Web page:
In our ideal world, green roofs would be ubiquitous—we're thinking Scandinavia from the time of the Vikings until the late 19th century. And no, it’s not because we are nostalgic for a more picturesque past. We’re actually looking to create a new future, one where entire town roofscapes are living and green, leaving the legacy of a healthier environment. How difficult would that be, we wanted to know? Here’s what we found.
What is a green or living roof?
A green or living roof is a specially engineered rooftop that supports vegetation and plant life to the benefit of the environment. There are three categories of green roofs; depending on how deep the planting medium is and how much maintenance they require: intensive, semi-intensive, and extensive. Intensive green roofs recreate the conditions of a traditional garden above ground and are require substantial effort to maintain. At the opposite end of the spectrum are extensive green roofs, which are self-sustaining with tough and drought-resistant plants, making them relatively maintenance-free (they're the ones we'd like to see everywhere).
How are green roofs good for the environment?
We all know the benefits that plants and vegetation provide for the environment. Green roofs in urban environments pack an extra punch because they replace greenery lost to dense neighborhood blocks of buildings.
Green roofs reduce air pollution through plant respiration while mitigating against heat gain as the plants absorb and retain the sun's warmth. Traditional roofing materials, on the other hand, re-emit the sun's heat and cause temperatures in cities to be higher than in surrounding rural areas.
With their ability to absorb rainwater and act as a filter, green roofs decrease surface runoff, keeping water supplies freer of pollutants while reducing the chances of flooding. Buildings with green roofs have built in thermal insulators and do not require as much power to heat and cool. And finally, green roofs create valuable habitats for wildlife, helping to preserve and promote biodiversity for the future.
How are green roofs made?
Modern green extensive roof systems are from 1 to 4 inches thick and are composed of manufactured layers that support a growing medium and vegetation. The five primary layers include a waterproof membrane, a root protection barrier, a drainage layer, a growing medium, and plants.
Above: A diagram of a green roof and its component layers. Image via Safeguard Store.
What types of plants will grow on a green roof?
The two most important factors to consider when choosing plants are how much maintenance you want to undertake and how sunny your roof is. Remember when selecting your plants that many will have a dormant period, so if you want green color year round, add some evergreens to the mix. A general rule of thumb is that the more variety you plant, the thicker your growing medium must be, which increases the weight of your roof.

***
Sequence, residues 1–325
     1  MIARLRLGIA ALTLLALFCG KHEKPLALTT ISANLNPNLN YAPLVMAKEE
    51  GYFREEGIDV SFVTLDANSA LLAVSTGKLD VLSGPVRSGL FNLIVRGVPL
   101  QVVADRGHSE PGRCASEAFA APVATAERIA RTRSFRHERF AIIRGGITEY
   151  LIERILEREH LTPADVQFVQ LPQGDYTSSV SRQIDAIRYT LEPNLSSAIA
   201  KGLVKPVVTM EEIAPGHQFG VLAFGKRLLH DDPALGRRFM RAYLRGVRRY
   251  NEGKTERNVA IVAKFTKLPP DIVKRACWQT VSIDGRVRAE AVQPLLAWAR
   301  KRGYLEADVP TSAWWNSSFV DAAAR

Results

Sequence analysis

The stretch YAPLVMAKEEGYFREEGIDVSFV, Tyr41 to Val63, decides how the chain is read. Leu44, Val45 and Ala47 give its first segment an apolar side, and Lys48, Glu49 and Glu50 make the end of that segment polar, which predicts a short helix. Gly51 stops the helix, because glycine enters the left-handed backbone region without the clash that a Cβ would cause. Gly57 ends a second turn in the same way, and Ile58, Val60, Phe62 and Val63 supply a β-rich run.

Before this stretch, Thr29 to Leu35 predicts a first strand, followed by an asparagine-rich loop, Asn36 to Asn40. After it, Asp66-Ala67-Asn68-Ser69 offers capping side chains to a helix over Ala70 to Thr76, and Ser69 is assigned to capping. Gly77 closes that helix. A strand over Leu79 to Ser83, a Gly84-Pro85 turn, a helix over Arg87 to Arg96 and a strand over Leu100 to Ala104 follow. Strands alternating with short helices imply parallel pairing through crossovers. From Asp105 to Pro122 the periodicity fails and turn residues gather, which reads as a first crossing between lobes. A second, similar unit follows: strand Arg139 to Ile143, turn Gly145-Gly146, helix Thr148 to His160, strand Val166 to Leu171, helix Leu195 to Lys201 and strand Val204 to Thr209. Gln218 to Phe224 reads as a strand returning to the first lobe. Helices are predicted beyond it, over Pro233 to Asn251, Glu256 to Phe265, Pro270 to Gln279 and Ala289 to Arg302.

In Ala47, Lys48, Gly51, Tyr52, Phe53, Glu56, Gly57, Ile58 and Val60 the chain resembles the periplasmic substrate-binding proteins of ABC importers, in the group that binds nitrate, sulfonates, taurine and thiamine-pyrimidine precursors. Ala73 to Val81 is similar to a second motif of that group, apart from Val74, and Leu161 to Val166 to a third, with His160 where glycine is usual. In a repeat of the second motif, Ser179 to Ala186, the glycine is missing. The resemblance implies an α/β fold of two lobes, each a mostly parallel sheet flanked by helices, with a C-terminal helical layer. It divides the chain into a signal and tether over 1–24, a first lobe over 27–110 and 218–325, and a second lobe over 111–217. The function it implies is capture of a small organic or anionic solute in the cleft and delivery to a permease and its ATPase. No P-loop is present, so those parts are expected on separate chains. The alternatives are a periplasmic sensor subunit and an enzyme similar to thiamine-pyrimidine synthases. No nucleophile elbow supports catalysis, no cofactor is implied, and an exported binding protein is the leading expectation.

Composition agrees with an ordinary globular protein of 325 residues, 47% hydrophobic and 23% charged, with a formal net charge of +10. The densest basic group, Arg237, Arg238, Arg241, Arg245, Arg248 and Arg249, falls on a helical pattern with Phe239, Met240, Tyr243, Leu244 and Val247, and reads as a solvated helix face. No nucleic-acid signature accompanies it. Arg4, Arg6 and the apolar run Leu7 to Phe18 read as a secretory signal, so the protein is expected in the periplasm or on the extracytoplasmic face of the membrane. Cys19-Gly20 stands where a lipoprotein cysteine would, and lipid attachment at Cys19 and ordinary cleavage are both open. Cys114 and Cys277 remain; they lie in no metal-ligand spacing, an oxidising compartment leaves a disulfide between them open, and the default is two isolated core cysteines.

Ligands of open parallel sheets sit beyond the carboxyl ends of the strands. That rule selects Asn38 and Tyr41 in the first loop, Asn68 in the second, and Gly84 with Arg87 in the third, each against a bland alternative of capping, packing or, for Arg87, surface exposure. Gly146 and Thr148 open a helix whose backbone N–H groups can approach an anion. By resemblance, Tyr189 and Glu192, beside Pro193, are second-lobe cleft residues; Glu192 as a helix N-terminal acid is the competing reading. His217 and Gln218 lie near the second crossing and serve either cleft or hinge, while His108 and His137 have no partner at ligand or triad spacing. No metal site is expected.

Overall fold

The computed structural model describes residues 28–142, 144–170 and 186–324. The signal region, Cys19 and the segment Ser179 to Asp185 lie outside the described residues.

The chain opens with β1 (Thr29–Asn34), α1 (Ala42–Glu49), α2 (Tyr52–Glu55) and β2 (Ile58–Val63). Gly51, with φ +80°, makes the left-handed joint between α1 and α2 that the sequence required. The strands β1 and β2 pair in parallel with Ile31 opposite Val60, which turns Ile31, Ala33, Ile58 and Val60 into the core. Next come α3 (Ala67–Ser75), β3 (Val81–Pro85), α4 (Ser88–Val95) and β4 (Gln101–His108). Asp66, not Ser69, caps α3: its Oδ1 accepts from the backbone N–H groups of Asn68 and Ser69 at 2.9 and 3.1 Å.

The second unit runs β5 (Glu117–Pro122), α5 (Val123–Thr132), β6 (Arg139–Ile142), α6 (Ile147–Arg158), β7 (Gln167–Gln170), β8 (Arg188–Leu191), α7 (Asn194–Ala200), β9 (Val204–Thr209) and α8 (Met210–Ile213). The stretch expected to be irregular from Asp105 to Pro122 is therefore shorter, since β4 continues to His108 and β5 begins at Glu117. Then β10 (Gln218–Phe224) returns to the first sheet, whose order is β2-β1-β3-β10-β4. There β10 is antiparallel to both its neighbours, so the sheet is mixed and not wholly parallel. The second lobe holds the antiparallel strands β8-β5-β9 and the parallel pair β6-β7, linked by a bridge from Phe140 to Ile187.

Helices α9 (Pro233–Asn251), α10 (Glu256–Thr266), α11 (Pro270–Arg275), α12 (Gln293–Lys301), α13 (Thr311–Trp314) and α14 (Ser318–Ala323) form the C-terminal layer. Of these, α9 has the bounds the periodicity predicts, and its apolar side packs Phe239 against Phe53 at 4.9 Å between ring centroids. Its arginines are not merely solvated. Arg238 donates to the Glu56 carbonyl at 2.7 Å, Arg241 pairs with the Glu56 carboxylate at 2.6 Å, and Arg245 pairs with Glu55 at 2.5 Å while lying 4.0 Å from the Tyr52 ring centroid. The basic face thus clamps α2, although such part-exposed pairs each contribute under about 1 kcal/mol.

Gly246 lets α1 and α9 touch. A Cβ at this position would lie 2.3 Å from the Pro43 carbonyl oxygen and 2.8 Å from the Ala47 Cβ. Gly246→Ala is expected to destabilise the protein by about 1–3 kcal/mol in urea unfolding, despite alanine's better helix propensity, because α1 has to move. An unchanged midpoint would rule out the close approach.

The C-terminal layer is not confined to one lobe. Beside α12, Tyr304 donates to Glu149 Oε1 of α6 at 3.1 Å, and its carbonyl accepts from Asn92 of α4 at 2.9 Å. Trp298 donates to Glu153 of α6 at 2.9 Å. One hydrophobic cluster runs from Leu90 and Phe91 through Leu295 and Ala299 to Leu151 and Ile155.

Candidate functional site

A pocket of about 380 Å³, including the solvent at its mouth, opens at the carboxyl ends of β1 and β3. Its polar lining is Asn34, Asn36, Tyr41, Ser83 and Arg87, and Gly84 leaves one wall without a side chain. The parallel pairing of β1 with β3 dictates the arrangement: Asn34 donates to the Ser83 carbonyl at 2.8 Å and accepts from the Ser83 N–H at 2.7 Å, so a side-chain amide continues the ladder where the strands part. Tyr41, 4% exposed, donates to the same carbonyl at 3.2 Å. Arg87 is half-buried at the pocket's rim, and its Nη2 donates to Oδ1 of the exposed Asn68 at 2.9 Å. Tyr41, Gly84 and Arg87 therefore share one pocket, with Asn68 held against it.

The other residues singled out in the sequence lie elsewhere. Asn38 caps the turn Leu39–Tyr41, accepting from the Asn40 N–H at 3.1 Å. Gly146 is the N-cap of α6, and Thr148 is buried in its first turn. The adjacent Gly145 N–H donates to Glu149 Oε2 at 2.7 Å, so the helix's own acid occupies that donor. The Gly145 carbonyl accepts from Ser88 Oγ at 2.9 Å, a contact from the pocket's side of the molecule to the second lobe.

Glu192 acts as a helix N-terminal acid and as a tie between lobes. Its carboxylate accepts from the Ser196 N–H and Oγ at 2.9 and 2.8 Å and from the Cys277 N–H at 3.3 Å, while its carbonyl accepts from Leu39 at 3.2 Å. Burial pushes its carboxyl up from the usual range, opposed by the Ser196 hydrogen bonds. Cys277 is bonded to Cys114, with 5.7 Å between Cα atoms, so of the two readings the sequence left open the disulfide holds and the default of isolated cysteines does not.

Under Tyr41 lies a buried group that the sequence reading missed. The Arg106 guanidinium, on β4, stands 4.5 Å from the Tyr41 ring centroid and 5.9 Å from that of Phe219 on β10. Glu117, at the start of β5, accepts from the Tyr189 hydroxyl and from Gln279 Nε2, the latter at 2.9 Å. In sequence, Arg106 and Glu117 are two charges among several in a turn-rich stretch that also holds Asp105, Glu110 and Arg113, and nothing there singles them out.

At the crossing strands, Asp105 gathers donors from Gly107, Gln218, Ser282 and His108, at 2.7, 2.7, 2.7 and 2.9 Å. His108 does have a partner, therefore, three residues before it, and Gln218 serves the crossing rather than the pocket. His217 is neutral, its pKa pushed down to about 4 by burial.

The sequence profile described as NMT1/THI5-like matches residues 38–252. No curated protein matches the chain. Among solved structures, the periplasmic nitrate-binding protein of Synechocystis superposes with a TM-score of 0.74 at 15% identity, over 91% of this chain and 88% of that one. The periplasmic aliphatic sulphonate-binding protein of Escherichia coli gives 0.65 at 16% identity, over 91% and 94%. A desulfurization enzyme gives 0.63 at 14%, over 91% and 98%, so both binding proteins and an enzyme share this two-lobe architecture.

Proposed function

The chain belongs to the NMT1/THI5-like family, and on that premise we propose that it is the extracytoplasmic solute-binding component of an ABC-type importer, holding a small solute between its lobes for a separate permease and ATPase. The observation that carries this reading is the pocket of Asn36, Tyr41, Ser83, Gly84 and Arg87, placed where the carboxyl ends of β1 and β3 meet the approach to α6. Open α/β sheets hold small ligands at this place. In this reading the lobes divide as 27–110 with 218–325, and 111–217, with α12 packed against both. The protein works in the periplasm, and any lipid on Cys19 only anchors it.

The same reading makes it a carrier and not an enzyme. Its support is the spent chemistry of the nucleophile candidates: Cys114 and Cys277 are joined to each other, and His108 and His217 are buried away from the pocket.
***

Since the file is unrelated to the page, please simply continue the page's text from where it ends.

How much maintenance does a green roof require?
At the minimum, an extensive 4-inch green roof system planted with mixed sedums (low-maintenance plantings) in its first year requires watering and weeding every few months. In the second year, it only will need to be weeded three or four times and after that, just once a year. You will need to fertilize once a year.
At the other end of the spectrum, depending on what you plant, maintenance requirements can increase to the point where you might want to consider an irrigation system. See Hardscaping 101: Drip Irrigation for details.
Does the weight of a green roof require additional support?
Green roofs weigh more than traditional roofing materials and if you are considering installing one, it is best to consult with a structural engineer. While new construction can easily be designed to incorporate the weight loads of a green roof, retrofitting existing buildings requires careful consideration.
Above: A green roof in San Francisco by Feldman Architecture.
How much does a green roof cost and how long will it last?
Standard 4-inch flat, extensive green sedum roofs are estimated at costing between $10 to $20 per square foot including materials, preparation and installation (which is significantly more expensive than the installation of a Traditional Asphalt Shingle Roof at an average of $1.20 a square foot). By protecting the roof membrane, however, a green roof can extend the life of a roof by two or three times beyond its typical lifespan. In Europe, where they have been building with green roofs since the 1960s, green roofs have been known to last for from 30 to 50 years.
Above: Prickly pear (L) planted with blue fescue and native wildflowers on a New York City roof designed by Alive Structures.
Green roof recap:
- Good for the environment
- Lower utility costs because of a green roof's thermal insulation properties
- Long life
- Significantly higher initial installation costs than traditional roofs
- Heavier weight may mean incurring additional structural costs
Want to see more? Remodelista Architect and Designer Directory member Jonathan Feldman and landscape architect Jori Hook design two green roofs for Cottages in the Mill Valley Forest while we take a tour of the Academy of Sciences' Rooftop Garden. For more renovation ideas, see our catalog of Remodeling 101 and Hardscaping 101 posts.